American Family Care Doctor Urges Quick Action for Severe Poison-ivy Rashes

SPRINGFIELD — Campers, hikers, and other outdoor enthusiasts could be bringing home more than memories now that warmer months and longer days are here. Poison-ivy rashes could be coming home for the ride, and severe cases can put a chill on summer.

A poison-ivy rash is an allergic reaction to the oily resin — called urushiol — found in poison ivy, poison oak, and poison sumac. Most people are allergic to urushiol. Symptoms typically appear 12 to 72 hours after contact, starting with itchiness, then a red rash followed by blisters. Reactions could come from direct contact with the plants, touching contaminated objects such as shoes and then rubbing your face, or inhaling smoke from burning plants.

Fortunately for sufferers, even severe cases of poison ivy rashes are treatable, often with home remedies, said the physicians and providers at American Family Care (AFC) locations in Springfield and West Springfield.

“We’ve already seen some truly unfortunate cases this season, when the patients waited too long to come in for diagnosis and treatment,” said Dr. Vincent Meoli, regional medical director of AFC, the largest provider of urgent care and accessible primary care in the Commonwealth. “In severe cases, the blisters can grow quite large and painful.” 

Although rashes typically clear up within a few weeks, there are times when prompt medical attention is advised. See your doctor if:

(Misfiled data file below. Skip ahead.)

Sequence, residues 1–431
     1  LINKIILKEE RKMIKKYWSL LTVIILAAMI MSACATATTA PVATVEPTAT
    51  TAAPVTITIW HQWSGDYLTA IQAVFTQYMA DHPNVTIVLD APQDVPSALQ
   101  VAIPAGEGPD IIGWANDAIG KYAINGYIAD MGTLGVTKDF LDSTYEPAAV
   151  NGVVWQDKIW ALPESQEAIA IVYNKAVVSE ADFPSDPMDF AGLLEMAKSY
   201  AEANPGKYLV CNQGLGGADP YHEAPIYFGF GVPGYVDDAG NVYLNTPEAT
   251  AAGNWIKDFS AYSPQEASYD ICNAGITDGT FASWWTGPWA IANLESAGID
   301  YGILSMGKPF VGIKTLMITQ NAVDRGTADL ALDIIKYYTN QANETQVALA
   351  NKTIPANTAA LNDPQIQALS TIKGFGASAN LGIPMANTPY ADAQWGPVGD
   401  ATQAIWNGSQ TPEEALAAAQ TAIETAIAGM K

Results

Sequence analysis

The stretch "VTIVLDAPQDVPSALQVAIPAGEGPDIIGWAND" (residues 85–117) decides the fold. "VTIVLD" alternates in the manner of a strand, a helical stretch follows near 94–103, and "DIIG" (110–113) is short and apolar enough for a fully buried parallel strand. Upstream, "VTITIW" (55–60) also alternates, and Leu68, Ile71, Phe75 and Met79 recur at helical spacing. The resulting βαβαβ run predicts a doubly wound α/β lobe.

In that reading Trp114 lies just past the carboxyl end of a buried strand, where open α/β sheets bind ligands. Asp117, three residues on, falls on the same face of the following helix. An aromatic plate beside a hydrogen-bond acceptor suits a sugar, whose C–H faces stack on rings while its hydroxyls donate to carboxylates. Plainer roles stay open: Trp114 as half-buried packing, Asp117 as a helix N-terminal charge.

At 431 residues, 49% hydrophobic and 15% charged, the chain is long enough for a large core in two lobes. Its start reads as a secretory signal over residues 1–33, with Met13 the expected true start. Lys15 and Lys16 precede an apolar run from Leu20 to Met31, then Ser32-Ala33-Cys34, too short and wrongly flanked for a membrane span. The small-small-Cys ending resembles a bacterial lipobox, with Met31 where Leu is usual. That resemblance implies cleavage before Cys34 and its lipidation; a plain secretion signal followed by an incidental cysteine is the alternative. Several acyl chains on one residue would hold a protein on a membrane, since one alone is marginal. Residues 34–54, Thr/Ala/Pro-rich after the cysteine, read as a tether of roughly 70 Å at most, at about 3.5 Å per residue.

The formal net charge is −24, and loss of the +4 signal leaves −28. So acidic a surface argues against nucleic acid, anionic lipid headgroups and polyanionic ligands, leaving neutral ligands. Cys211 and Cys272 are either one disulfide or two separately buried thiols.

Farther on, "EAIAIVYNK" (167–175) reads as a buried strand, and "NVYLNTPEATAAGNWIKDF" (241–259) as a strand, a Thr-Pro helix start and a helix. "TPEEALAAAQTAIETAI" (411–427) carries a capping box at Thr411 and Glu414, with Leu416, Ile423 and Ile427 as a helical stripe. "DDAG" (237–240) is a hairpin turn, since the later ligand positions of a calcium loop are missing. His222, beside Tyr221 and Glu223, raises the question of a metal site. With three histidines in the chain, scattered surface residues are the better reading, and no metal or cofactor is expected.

• The rash affects your mouth, eyes, or genitals; covers more than a quarter of your skin; or hasn’t cleared up within a few weeks;

• Your skin continues to swell or your blisters ooze pus;

• Your fever goes above 100 F (37.8 C); or

• You inhaled the smoke of burning plants and are having trouble breathing.

For most cases of poison-ivy rash, a doctor will typically prescribe an oral steroid (like prednisone), along with an over-the-counter topical anti-itch cream and Benadryl. In a severe case, the doctor may give a steroid injection as well as the oral steroid.

Dr. Meoli offered the public these prevention tips:

• Learn to identify and avoid poisonous plants, and safely remove them from your property;

• Urushiol can remain on a surface for years, so immediately clean contaminated objects like clothing, outdoor gear, and shoes; and

• Wash your skin and the fur of any contaminated pet.

“Poison-ivy rashes can put a damper on your summer,” Meoli said. “But with preventative action, or treatment if necessary, you can save yourself some suffering.”